In the UK, bingo is a national institution. From the lowly masses and the elite, to Robbie Williams and Her Majesty the Queen herself, it’s a game that is played by people of all ages from all levels of society. It is so popular in fact, that the whole bingo industry in the UK is estimated to be worth £1.3 billion. The country even has its own long-running National Bingo Game, which is regulated by the Gambling Commission and the Gaming Board of Great Britain. By the mid-2000s, the number of dedicated bingo halls number more than 600; nearly 15,000 people are employed just by these establishments alone.
But you can’t go on a winning streak forever. In 2007, the bingo industry was hit hard by the smoking ban imposed by the UK government on all public places. For older players who were long-time smokers, this was a huge setback. The number of people who were regular bingo hall patrons kept dwindling. At a time when people could’ve easily played a round or two of bingo on their computers or smartphones, it’s easy to see why this is so. The recession at the latter part of the last decade also didn’t help bring new players into the bingo-playing fold.
But why does bingo in the UK seems like it’s on a downward spiral? Apart from the reasons mentioned above, it’s important to note that bingo is taxed very differently from other gambling activities. Instead of the usual 15%, the tax rate for bingo is 20%- almost 5% higher! It’s taking a toll on the already-struggling profits of bingo halls across the country.
So, what can be done about this? Miles Baron, chief executive of the Bingo Association, says that the best course of action to ensure the future of the bingo industry is to ask for a tax cut from the UK government. This will enable bingo halls and clubs to free up funds which they can use to invest in infrastructure development and marketing.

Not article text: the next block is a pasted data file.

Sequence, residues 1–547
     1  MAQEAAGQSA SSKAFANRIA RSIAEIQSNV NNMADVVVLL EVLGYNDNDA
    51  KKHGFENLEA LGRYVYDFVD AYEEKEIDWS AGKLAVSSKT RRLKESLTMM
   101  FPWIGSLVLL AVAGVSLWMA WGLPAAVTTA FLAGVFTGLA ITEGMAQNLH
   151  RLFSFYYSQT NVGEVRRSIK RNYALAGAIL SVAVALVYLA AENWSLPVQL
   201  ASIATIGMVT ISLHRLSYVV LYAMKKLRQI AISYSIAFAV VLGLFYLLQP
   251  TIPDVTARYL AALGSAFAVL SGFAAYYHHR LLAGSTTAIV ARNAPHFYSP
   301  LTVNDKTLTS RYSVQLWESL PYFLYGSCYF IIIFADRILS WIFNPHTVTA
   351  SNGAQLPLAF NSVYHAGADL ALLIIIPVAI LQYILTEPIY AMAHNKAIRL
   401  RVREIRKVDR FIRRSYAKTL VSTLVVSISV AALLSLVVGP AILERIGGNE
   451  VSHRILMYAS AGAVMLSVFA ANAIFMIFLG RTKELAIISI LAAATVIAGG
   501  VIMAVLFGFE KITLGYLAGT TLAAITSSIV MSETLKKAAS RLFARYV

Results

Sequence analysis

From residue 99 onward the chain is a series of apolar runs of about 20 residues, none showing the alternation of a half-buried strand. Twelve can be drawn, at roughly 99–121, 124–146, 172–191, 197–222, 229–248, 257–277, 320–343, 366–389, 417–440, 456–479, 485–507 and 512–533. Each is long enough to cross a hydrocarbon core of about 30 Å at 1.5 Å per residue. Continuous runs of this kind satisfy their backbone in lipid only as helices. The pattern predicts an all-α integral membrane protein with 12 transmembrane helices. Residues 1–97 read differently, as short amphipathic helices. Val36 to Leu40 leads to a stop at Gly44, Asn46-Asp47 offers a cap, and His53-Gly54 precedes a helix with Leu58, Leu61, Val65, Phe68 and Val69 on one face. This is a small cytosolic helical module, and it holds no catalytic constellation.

The campaign already has its own fair share of supporters. According to Brian Binley, MP of Northampton South and an avid bingo player himself, said that “Of all forms of gambling, bingo is the most socially welcomed. …I see many people, many of them elderly, who find comfort and friendship…in a warm and happy environment.” In a ComRes poll of more than 2,000 people, 61 percent are in favor of letting bingo halls enjoy a tax cut on their income to help boost the ailing industry.
Should the campaign manage to drum up enough suppport, the future of old-school bingo halls can thus be ensured. While there are a lot of old players out there who are very supportive of their game, the campaign is also getting a lot of support from younger players who have recently got into the bingo craze a while back.
So, will the tax cut campaign be successful? We can never tell. But from the looks of it, it’s gaining a whole lot of traction from players and from people who believe in its social